“Risk comes from not knowing what you`re doing.” – Warren Buffett
We always hear the word ‘risk’, but when we stop to think about it, what does risk truly mean? In a nutshell, risk is any chance or possibility of something undesirable happening. And when we talk about undesirable events — especially in construction workplaces, we’re talking about accidents that can result in very serious injuries or worse, death, for workers.
There’s good news and bad news when it comes to risk. I’ll break the bad news to you first: you can’t eliminate it. If you or your company want to achieve something meaningful, you will need to take risks. As one of the most basic principles of financial management goes, the higher the profit you want to earn, the higher the risks you’ll need to take.
The good news – yes, there is good news – is that risk can be managed well so when it comes to pass, you’ll be able to minimize its effects. The practice or process of minimizing risks and it’s potential effects to your company and workers is referred to as risk management.
Why Risk Management?
There’s a saying that ignorance is bliss; I disagree. It can be dangerous or even downright fatal. The Bible says in Hosea 4:6 that “My people are destroyed for lack of knowledge.” Regardless whether you’re a Christian or not, you probably would agree that said passage carries a lot of truth. If you don’t know that something bad may happen to your company and your workers, how can you prepare well for it — i.e. minimize the possibility of it happening or if it’s an unavoidable certainty, prepare to minimize its impact?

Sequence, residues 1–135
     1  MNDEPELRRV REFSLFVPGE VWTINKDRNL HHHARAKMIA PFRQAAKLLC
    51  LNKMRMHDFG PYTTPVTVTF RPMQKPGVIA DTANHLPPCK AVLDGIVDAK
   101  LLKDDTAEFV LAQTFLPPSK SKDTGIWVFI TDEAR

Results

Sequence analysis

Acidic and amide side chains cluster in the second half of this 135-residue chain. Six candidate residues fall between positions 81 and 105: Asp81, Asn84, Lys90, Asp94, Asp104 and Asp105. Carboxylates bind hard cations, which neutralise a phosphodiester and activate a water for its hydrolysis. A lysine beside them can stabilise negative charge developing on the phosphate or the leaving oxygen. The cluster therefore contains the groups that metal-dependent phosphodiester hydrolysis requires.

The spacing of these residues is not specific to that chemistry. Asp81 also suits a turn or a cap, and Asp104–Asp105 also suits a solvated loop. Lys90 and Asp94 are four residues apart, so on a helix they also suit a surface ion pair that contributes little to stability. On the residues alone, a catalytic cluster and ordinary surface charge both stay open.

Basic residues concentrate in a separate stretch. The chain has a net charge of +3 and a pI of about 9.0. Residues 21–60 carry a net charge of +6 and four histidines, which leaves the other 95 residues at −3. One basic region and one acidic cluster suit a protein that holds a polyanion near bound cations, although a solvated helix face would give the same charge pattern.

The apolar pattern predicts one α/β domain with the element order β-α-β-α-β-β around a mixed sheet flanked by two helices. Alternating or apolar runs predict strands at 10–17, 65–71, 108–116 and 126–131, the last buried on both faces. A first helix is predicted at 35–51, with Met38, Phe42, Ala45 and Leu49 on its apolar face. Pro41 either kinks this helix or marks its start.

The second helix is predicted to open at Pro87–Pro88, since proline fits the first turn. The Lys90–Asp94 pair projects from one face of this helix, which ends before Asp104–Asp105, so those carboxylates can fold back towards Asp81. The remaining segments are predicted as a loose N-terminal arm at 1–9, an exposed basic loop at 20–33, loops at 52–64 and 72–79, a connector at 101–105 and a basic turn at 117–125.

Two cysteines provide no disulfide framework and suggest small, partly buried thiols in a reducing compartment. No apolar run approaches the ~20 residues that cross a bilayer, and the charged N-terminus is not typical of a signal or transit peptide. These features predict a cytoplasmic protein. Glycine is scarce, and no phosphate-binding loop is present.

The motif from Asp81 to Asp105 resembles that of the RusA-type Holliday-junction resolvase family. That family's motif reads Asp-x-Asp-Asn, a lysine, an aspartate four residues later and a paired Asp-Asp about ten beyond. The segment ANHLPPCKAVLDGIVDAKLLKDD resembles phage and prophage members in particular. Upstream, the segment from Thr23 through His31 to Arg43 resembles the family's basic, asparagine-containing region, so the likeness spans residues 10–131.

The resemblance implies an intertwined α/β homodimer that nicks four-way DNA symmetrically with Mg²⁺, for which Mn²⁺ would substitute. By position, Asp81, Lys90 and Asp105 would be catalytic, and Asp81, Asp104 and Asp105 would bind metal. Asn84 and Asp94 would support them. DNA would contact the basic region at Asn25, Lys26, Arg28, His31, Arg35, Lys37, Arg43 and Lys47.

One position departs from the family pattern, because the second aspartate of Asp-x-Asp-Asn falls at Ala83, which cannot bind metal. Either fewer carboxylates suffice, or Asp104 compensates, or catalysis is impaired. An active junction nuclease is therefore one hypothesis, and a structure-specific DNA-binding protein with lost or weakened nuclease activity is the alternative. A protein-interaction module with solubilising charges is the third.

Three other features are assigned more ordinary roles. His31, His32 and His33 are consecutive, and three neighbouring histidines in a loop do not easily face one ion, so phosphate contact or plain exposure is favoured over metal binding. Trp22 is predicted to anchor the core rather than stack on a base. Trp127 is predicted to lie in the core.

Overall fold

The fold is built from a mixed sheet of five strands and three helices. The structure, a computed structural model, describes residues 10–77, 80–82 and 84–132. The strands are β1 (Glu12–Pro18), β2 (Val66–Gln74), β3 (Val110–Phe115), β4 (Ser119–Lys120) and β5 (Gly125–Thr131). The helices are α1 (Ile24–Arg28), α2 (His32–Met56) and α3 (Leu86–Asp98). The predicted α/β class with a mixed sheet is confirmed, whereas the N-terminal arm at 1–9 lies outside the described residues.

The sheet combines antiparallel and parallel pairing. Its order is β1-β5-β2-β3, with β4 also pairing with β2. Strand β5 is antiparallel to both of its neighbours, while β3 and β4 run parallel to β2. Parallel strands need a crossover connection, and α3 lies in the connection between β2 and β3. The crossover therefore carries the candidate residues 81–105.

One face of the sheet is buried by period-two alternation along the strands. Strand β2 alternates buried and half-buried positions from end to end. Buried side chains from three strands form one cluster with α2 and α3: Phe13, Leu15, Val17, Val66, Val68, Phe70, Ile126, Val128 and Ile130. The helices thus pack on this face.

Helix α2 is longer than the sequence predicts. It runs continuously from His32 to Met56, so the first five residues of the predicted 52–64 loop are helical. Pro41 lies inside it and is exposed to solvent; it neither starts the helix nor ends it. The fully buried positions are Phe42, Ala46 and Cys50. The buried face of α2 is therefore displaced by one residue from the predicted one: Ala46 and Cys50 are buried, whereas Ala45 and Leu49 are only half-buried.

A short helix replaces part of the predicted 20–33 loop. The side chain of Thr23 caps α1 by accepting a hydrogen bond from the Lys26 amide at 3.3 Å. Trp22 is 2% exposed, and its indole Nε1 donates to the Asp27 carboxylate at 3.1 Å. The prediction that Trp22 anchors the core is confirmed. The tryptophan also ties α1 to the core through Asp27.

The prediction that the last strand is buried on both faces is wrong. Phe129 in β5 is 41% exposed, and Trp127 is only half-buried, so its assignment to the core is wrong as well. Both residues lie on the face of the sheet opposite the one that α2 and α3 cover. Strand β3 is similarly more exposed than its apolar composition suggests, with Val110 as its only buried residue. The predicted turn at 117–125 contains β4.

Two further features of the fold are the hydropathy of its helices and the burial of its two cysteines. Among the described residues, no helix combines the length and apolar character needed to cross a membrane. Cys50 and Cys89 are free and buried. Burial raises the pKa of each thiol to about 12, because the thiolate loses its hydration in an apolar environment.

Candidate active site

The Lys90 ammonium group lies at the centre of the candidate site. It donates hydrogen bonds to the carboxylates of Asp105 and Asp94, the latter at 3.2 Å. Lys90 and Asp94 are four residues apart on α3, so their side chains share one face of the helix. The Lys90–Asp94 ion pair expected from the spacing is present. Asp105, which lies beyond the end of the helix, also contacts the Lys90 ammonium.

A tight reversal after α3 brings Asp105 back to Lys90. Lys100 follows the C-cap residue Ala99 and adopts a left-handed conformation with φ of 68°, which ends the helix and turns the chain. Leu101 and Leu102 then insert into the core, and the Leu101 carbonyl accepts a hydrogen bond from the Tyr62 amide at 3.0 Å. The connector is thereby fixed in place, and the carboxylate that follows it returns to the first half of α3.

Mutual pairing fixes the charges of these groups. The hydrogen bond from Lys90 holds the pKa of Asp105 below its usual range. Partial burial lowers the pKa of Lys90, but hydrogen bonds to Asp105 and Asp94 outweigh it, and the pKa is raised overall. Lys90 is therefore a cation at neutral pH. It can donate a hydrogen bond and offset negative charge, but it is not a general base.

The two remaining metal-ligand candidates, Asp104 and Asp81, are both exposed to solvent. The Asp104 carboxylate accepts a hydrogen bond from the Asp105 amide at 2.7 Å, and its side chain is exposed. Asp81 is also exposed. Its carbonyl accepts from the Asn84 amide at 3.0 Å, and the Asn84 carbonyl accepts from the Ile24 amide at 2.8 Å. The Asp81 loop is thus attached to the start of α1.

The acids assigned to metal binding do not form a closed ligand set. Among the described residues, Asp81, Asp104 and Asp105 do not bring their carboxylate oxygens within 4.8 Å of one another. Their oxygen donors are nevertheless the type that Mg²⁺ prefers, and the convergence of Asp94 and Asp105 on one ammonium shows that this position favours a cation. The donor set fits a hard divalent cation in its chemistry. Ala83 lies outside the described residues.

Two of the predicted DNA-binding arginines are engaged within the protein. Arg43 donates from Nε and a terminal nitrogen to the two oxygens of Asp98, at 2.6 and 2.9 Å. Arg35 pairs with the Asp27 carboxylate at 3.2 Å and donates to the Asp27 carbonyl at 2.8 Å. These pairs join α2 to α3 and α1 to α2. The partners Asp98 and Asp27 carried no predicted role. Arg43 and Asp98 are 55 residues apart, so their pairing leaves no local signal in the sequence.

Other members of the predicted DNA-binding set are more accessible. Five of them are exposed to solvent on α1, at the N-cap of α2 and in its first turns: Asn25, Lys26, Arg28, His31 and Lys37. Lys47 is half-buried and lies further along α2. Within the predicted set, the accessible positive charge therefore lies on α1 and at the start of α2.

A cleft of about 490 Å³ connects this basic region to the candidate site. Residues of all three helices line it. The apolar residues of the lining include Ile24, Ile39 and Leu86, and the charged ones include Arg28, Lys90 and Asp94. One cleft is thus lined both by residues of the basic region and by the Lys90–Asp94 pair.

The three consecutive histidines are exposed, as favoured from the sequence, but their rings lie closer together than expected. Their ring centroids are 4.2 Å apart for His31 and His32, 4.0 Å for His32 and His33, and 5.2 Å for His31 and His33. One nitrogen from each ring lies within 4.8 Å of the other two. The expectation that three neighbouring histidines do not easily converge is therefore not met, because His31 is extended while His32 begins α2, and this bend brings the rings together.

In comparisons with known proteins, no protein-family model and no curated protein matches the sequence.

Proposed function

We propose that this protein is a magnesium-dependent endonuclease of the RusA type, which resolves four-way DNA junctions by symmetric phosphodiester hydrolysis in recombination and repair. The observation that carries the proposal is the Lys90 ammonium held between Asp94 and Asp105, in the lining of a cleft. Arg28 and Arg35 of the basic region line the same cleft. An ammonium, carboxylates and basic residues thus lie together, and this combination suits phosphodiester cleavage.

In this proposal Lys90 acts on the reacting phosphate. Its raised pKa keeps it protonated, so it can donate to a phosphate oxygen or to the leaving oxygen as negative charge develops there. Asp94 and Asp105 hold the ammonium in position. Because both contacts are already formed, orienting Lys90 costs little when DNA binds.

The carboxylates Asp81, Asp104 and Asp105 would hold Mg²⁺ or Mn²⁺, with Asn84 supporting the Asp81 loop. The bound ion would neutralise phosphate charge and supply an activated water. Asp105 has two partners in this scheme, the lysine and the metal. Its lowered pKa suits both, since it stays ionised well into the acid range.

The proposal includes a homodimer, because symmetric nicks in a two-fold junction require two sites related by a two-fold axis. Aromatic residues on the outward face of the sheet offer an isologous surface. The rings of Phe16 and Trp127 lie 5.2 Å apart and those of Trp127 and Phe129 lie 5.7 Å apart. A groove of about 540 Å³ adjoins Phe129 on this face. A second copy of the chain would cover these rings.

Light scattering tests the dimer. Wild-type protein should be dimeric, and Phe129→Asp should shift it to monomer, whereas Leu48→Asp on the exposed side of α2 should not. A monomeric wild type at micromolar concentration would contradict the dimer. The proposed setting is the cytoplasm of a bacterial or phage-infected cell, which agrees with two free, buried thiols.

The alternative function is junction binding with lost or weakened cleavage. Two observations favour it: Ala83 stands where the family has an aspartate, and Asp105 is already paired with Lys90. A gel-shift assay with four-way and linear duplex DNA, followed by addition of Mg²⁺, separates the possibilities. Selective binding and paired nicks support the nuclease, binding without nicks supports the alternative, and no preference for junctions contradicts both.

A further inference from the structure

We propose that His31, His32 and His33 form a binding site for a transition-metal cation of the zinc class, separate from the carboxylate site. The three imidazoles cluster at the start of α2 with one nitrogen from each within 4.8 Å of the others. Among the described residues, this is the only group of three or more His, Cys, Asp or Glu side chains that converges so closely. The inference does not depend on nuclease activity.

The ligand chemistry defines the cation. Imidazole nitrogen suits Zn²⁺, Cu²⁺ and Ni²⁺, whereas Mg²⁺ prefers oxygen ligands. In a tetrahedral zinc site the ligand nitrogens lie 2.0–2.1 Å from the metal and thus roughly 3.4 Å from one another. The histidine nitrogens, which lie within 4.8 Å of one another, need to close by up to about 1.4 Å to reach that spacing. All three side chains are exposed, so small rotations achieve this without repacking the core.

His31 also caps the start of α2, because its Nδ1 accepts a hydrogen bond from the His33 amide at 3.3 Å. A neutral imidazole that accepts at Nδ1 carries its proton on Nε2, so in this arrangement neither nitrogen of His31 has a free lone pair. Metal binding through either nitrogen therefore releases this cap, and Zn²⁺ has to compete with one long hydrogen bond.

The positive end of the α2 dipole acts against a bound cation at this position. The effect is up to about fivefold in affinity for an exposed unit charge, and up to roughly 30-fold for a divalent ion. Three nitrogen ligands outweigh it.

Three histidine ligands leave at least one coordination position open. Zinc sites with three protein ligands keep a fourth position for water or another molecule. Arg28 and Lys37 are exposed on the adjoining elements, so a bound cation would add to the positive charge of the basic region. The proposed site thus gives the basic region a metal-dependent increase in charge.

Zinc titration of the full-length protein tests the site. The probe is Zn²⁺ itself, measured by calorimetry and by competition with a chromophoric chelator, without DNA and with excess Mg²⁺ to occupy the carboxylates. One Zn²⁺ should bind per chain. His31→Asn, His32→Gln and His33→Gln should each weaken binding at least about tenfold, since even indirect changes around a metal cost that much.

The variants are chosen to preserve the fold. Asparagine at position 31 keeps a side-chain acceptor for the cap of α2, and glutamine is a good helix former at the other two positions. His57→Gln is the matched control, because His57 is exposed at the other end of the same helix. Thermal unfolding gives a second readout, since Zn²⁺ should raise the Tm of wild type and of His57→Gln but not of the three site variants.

A very good example of risk minimization in the construction workplace is requiring construction workers to wear steel-toed boots. It practically eliminates the risk of them accidentally cutting off their toes with very sharp tools or by having something really heavy or sharp fall on their toes. In a sense, it’s also a very good example of minimizing the impact of risks should they materialize because the steel-covered toe areas of their boots would be strong enough to keep very sharp tools or equipment from cutting through the boots and consequently, their toes.
Assessment: A Crucial Component
While there are probably million-and-one risks present in the construction workplace, it’s neither practical nor possible to address all of them. It may not be so even for just most of them. It won’t just be too expensive but it will also take a lot of time and effort to do so, which may render it impossible to get anything construction-related done at all. That’s why it’s important to choose your risk management battles through a process called risk assessment, which is one that tries to estimate both the probability and impact of risks that companies and their workers face. Through risk assessment, you’ll be able to determine which risks do need to be managed and which ones to just let be. By identifying key risks and their potential impacts on the company and workers, you can maximize the company’s resources and manpower in terms of productivity and worker safety and health.
Especially in construction workplaces, many things can go wrong and depending on what those things are, the impact on both the company and its workers can be substantial. Failure to plan is planning for failure, and a very important aspect of effectively planning for these things is learning and implementing risk management activities in your company’s construction workplace.